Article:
60% of organisations are ill-equipped to build a workforce of the future.
As many as 60% of IT organisations will under-perform as they fail to attract and regain the employees they will need to succeed in the digital age, according to Gartner. Few organisations are prepared for the new levels of competition, spurred by globalisation and new work-related rules in their search for and retention of talented employees.
Driven by rapid advances in technology, globalisation, major changes in work demographics and more innovative and open approaches to business practices, new rules are emerging that will dramatically change the workforce and the role of management and IT over the next 10 years.
"The search for talented employees continues to become more difficult and nothing companies have done in the past will suffice," said Diane Morello, vice-president and Gartner fellow. "The workplace of the future will require more imagination, more commitment and more cutting-edge action than most enterprises have faced before. Doing nothing is not an option, nor is mildly incremental improvement. Talented people fuel growth, innovation and excellence."
Leaders will capitalise on individualised work patterns, such as the right to work from home and shifting social dynamics, like the tendency to communicate and learn through blogs and social networks. In addition, organisations will increasingly need to be prepared to source new talented employees globally as opposed to just locally, as talented people cross borders, boundaries and organisations. Those that fail to do so will find themselves at a significant disadvantage.
As a result, Gartner predicts that by 2015, people will spend more than 80% of their time working collaboratively, often across 10 or more virtual teams. Communication and marketing about work engagements, employment opportunities and new jobs will spread primarily virally through peer networks. By 2015, more than half of the Fortune 2000 enterprises will have multisourced workforces that span the globe.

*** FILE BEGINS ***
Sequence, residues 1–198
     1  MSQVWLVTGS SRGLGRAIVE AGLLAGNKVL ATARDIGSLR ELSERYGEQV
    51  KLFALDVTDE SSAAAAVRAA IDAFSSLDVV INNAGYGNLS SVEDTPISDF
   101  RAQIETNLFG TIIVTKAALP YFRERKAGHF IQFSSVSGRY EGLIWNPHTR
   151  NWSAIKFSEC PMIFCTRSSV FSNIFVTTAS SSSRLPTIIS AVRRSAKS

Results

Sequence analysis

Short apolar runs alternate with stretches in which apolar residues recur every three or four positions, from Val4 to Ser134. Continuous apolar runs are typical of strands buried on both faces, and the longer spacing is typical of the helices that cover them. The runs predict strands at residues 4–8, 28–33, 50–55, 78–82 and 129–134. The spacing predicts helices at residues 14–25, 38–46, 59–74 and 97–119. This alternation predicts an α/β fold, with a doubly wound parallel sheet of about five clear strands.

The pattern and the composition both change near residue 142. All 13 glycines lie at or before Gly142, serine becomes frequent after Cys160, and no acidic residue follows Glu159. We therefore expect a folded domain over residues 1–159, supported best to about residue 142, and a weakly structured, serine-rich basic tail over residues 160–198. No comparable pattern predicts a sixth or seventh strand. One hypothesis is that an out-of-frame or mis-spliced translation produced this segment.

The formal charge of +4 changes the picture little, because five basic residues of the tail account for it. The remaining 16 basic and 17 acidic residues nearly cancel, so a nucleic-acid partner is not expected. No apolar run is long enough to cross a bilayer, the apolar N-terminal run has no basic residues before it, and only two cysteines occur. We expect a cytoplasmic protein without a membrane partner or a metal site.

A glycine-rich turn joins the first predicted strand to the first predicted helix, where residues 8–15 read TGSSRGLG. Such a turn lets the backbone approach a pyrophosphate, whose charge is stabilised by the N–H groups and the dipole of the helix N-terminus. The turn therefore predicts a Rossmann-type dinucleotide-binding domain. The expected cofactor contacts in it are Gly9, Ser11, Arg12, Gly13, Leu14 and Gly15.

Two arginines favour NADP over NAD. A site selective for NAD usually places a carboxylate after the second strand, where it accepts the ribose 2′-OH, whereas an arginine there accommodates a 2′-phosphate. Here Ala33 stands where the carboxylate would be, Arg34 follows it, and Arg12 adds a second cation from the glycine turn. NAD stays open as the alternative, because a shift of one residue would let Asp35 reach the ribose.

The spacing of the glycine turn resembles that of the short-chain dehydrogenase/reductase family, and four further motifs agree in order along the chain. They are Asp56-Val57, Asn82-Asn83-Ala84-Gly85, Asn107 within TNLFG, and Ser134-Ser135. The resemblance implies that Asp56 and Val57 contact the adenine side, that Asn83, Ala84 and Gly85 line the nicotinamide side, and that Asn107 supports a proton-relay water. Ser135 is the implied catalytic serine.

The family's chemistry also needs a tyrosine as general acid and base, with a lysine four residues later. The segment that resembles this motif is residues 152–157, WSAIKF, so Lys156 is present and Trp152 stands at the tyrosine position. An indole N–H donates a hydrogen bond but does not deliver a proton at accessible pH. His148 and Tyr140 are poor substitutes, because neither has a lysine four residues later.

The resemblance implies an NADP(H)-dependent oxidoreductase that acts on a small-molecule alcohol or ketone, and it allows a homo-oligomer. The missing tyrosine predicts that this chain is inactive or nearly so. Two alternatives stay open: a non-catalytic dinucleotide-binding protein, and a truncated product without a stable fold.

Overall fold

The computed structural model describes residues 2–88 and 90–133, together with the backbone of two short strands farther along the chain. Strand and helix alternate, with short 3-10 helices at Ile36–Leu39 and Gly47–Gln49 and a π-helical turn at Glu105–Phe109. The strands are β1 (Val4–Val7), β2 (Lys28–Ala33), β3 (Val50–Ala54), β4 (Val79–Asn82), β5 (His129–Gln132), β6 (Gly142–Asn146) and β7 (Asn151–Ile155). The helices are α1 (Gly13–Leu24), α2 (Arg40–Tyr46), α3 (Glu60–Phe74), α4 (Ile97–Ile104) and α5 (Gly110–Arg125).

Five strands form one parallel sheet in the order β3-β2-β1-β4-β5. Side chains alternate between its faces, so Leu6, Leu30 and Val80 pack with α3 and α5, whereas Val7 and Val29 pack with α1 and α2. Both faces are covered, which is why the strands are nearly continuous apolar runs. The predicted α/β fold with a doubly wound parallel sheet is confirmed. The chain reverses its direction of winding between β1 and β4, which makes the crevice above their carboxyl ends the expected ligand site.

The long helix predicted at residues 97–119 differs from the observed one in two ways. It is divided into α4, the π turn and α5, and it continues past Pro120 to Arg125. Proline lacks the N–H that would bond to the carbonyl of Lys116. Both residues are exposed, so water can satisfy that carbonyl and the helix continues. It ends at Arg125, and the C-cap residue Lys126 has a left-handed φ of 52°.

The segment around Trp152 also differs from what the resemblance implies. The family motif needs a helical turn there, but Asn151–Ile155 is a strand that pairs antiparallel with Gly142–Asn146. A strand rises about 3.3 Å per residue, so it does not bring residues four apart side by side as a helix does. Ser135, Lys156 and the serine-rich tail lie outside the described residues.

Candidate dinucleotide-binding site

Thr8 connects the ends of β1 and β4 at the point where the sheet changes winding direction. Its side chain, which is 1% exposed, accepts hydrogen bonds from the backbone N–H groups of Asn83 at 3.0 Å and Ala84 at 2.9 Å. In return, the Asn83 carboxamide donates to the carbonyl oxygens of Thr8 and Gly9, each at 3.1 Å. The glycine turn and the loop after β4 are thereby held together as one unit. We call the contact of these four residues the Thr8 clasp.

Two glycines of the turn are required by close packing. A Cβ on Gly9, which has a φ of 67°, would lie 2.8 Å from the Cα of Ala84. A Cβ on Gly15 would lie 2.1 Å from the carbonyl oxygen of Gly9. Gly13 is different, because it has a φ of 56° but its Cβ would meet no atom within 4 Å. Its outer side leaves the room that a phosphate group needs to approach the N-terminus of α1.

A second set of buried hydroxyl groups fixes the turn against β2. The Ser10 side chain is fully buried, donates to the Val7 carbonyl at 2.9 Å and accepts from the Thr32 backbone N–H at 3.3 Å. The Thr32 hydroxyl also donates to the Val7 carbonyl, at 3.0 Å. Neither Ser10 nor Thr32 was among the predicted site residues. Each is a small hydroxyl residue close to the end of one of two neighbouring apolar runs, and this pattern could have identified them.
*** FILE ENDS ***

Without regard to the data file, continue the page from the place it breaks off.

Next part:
Traditionally, businesses decided which technology-based services, software and equipment their employees required. In this situation, the company pushed the devices, software, learning tools, and work environment to their employees. A pull approach will emerge, whereby the next-generation of workers, namely, digital natives, will behave as consumers, assuming a high degree of individualised control over their work, peers, resources, and workplace. In this situation, employees use more of their own devices, software/web tools, and various methods to collaborate in doing their job.
"In our parents' and grandparents' generations, a person typically worked many years for one company. The combination of global communication, personal devices, location-independent technologies and weakening employment security have introduced new employment options for digital natives, which will come fully into play in the next five to 10 years," added Morello.
According to Gartner, six new rules are emerging that will govern the workplace of the future.
New rules for the workforce of the future
1. The quality of peers will matter.
2. The competition for qualified IT talent will be global.
3. The employment model will change shape.
4. No two people will approach work in the same way.
5. Talented people will move around.
6. The gap between leaders and followers will widen.
"Although the rate and scope of work-related change will vary, no organisation will be immune," concluded Morello. "All organisations must get into a competitive condition. We predict that recruiting, engaging and refreshing the most talented employees and the most relevant workforce will lie at the very heart of future business success."